Ready to Hide Your First Geocache?


One of the rarely spoken, but obvious, truths about Geocaching is that there wouldn’t be any geocaches if someone didn’t spend the time to plan, assemble, hide, and post them. For me, hiding is as much fun as finding geocaches. In August of 2003, I wrote an article on how to go about hiding a cache. Having gained a lot of experience in the last two years it seemed like a good time to update it. The “style” of cache hides has become a lot more varied, and the discussions of what makes a good hide continue to occupy geocachers.


Some tough lessons about placing a geocache!

Let me preface this article by pointing out that “Homeland Security” issues have forced some significant rethinking about where it is okay to put a geocache, and what areas should be avoided. There have been some incidents resulting from geocaches at or near airports, bridges, and similar potential terrorist targets that caused some unfortunate interaction between geocaching and law enforcement personnel. In some of these instances, areas have been cordoned off and evacuated, and/or the bomb squad has been called in to investigate and remove suspicious items that turned out to be geocaches. This has the potential to put geocachers into dangerous situations, waste the resources of the law enforcement agencies, and cause bad press and bad feelings toward geocaching.


Please consider whether someone wandering around with a navigation device might look out of place enough to cause concern. Even the appearance of inappropriate actions can get someone in a lot of trouble. We are all now asked by our government to keep a watchful eye for suspicious activity in transportation centers and other potential target areas. What looks harmless to one person can be very suspicious to others. Since the recommendation is to not confront a suspicious person, but to contact authorities immediately, the first indication you may have of an issue is when the nice police officer politely asks you to stop where you are and keep your hands in plain sight….


I personally avoid actual ammo cans. I am concerned that any items with a military appearance could lead a casual observer to jump to uncomfortable conclusions. “Is that a bomb?” or “Someone is stockpiling weapons and ammo!” are phrases we don’t need to hear. Ammo cans are very durable and pretty waterproof, and the cost is usually pretty low, but there are a number of alternatives that don’t have a military appearance.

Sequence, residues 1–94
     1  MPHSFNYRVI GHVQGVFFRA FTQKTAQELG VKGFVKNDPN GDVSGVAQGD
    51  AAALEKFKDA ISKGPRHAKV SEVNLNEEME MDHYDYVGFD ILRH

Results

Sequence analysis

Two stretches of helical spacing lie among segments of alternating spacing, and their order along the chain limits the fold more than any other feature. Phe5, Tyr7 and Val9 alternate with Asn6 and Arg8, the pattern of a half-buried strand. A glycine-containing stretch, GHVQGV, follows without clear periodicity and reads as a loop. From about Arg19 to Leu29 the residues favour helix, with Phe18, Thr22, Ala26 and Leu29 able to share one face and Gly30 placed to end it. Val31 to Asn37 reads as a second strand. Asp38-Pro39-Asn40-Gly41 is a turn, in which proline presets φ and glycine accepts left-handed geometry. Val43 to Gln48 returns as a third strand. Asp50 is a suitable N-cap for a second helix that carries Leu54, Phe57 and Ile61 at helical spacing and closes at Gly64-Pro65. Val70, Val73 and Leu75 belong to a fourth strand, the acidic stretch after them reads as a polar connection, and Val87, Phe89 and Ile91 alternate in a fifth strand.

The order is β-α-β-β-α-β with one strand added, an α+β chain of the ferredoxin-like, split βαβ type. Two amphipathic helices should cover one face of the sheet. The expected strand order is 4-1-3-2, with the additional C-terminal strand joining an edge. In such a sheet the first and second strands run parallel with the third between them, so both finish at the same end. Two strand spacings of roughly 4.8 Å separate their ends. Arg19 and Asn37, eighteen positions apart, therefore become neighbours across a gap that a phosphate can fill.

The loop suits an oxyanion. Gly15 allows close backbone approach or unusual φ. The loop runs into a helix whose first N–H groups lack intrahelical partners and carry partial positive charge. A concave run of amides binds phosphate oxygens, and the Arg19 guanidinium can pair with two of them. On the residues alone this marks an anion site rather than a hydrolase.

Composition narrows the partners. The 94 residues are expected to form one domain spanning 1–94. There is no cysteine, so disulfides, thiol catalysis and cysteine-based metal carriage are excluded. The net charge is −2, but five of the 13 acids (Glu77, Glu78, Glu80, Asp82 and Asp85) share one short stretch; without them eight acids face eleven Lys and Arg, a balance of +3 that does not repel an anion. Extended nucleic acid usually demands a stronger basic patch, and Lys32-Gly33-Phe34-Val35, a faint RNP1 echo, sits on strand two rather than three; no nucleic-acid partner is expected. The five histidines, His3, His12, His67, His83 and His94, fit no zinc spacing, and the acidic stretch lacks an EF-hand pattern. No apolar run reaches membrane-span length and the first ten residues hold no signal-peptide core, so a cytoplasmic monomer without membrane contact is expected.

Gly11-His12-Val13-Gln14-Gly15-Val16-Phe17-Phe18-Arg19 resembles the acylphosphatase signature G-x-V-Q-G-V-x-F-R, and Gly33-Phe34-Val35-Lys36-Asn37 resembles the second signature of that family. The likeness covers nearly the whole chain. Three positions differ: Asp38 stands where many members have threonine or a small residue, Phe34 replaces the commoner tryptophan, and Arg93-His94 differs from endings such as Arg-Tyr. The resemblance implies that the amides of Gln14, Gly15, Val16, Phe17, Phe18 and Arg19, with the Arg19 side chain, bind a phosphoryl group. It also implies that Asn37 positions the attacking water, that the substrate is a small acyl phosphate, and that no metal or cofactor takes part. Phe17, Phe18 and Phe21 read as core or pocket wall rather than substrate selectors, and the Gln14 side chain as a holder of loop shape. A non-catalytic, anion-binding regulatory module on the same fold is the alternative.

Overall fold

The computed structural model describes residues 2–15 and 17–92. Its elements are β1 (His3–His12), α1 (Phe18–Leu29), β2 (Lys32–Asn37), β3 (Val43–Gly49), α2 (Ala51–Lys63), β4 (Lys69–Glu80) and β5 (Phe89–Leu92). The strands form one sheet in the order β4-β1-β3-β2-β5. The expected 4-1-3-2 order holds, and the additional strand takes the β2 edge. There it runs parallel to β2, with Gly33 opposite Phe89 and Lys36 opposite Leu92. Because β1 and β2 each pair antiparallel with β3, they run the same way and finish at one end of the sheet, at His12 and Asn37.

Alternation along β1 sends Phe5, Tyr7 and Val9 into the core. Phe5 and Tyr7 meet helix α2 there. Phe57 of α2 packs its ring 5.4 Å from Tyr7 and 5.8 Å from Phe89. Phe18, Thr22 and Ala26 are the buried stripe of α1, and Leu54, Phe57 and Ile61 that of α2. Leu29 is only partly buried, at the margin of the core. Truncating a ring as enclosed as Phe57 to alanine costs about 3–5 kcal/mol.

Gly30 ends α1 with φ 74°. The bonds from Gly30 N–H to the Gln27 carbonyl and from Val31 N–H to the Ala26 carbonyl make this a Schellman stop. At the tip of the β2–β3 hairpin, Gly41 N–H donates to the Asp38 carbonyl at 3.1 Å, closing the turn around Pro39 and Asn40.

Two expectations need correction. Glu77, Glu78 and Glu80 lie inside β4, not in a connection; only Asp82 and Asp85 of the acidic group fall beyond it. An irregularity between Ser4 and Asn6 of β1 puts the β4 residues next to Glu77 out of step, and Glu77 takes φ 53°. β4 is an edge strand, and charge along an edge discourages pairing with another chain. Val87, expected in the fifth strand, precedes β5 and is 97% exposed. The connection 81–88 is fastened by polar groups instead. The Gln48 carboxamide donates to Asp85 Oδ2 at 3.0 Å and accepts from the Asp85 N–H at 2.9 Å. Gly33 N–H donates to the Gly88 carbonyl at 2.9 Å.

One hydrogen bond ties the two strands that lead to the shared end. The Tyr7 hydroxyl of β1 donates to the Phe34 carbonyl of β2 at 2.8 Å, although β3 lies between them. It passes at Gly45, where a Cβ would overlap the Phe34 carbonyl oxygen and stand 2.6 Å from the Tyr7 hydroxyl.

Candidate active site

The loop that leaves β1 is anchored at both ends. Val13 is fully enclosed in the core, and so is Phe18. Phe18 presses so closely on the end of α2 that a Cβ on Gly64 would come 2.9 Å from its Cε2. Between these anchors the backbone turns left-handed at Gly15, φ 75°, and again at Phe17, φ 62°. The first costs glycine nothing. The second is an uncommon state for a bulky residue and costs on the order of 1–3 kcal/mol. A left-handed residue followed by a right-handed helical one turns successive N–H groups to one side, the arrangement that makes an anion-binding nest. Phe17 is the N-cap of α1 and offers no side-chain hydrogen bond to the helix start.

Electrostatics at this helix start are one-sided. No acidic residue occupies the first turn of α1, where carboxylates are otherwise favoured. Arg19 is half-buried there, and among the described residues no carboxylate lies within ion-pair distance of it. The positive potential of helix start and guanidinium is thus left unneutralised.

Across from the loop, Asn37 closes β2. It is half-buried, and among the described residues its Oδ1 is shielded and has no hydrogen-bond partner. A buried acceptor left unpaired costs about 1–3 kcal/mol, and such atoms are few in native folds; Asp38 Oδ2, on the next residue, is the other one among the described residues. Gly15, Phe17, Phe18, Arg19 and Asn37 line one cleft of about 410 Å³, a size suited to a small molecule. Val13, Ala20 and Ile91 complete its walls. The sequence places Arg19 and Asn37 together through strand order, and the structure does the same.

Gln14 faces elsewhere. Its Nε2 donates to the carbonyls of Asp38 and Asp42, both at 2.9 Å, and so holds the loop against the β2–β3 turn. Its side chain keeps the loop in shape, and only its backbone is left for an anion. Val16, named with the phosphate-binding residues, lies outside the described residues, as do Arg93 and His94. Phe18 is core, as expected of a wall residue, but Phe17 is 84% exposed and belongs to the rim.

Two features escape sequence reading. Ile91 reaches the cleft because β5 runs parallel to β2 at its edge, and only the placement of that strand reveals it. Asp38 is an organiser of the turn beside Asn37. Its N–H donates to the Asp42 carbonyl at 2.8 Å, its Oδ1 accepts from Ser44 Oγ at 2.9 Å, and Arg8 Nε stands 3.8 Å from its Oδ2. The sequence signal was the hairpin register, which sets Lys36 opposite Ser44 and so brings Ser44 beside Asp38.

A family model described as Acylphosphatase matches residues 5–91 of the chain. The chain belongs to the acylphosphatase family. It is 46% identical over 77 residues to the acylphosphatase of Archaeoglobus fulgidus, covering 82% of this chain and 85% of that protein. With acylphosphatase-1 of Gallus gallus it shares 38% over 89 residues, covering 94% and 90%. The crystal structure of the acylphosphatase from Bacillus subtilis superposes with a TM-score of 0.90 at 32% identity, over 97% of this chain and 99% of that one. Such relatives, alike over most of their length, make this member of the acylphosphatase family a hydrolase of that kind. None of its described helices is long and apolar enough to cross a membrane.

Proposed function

None of us wants to get into any of these potential confrontations, and we should make a reasonable effort to help each other stay out of harm’s way!


Getting Started


How do you start? First ask yourself why you want to hide a cache. Yes, hiding a cache is a good thing, but why do you want to hide this cache in that place? I strongly believe that the quality of a cache is totally dependent on the planning that goes into it. The more time and effort you put into the planning, the more likely you will have a high-quality geocache.


It is essential to our hobby to have a regular supply of new caches. Of course, there is not such a critical shortage that quality should not be a major consideration. What is quality? There are probably as many ways to define a good cache as there are geocachers. In general, I think most geocachers prefer a cache that brings them to a place they might not go otherwise, and once there enjoy either the visit or the journey. The journey can be either the physical journey to get to the cache, or the intellectual exercise used to figure out how to get there.


There are many simple micros hidden in lamp posts and guard rails. Most experienced geocachers prefer to find caches that are unusual or unique. A few of our colleagues have developed major reputations for devising interesting, challenging, and fun geocaches. After finding a few geocaches, you will start to get an idea of what kind you like to find. Think about how to make your geocache stand out in the mind of the folks who find it. I usually plan the location, and then plan a cache to put there. You can also determine the type of cache you want to place and then go look for a place to put it.


Selecting a Hiding Place


When I start to look for a new cache location, there are several questions I ask my self:


Is it an appropriate place for a cache?


Is it safe and legal for members of the general public to visit this location?

(Is there safe access? Is there a safe place to park?)

Will most parents be comfortable bringing their children here?

Does it cost to enter or park there?